Wrap-up: May 2014 Discussion
Thank you to everyone who participated in May's discussion on Integrating Rights Monitoring Into the Policy Cycle. The significance of Mexico City's efforts to integrate a rights-based approach into the public policy cycle through its Federal District Human Rights Program (PDHDF) was a recurrent theme throughout the discussion. Many interesting questions were raised surrounding the mechanisms set up to monitor and evaluate the program; the participation of civil society and the public in such mechanisms; and how such mechanisms address the rights of different population groups.
As Fundar explained, there are several instruments and procedures for overseeing the implementation of the PDHDF. First, the PDHDF Law provides that all public institutions—such as the executive, legislature, and judicial bodies—must monitor their compliance with their rights obligations. Second, PDHDF’s principal body is its Monitoring and Evaluation Committee, made up of public authorities, civil society organizations, and academic institutions. This Committee coordinates participation in decision-making processes and periodically reports on the implementation of the program. Third, there are 24 ‘spaces’ that facilitate public participation in the implementation and monitoring of the PDHDF. These ‘spaces’ act as thematic clusters and are served by a secretariat. They are divided by the priority areas (e.g. democracy and human rights, justice, human security) and population groups (e.g. children, young people, people with disability) identified in the PDHDF.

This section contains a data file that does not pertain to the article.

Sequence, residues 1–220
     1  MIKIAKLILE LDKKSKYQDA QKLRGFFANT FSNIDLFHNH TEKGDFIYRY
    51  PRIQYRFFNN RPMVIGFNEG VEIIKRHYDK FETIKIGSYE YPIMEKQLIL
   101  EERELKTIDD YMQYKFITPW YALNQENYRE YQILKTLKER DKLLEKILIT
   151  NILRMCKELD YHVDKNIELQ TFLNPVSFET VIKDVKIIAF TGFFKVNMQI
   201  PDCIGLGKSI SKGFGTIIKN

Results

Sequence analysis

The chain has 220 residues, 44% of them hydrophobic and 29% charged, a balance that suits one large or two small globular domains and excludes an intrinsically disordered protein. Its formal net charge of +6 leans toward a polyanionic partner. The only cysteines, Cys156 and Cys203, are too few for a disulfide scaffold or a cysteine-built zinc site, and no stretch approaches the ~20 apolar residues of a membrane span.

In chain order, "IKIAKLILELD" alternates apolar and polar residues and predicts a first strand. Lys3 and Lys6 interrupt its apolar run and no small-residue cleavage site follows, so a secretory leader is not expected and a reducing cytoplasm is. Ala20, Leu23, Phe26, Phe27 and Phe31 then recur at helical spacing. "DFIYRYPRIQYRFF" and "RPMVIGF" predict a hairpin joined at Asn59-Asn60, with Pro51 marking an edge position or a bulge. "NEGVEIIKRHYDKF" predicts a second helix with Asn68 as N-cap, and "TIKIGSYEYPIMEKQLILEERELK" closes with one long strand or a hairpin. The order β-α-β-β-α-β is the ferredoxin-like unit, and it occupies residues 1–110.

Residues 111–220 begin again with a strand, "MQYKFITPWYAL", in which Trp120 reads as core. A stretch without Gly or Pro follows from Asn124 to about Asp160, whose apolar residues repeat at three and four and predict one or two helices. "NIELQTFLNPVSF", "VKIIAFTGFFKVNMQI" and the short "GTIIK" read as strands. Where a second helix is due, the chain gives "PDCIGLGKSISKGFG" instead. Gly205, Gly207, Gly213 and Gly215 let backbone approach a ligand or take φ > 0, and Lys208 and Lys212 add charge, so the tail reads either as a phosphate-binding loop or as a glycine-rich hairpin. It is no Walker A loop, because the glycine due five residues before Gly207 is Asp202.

Several comments touched on the challenges of ensuring that oversight of rights-based policy making is effective, especially when it is still in the early stages. Past experience tells us there is often a lack of participation by civil servants, decision-makers and even civil society groups, Fundar flagged. The non-binding nature of the Committee’s recommendations, its lack of independence from government, and the limited institutional capacity of the secretariat also present challenges to effective change. A number of questions also asked about ways to disseminate information about the PDHDF to the local-level, to ensure the community can interact with its various monitoring mechanisms.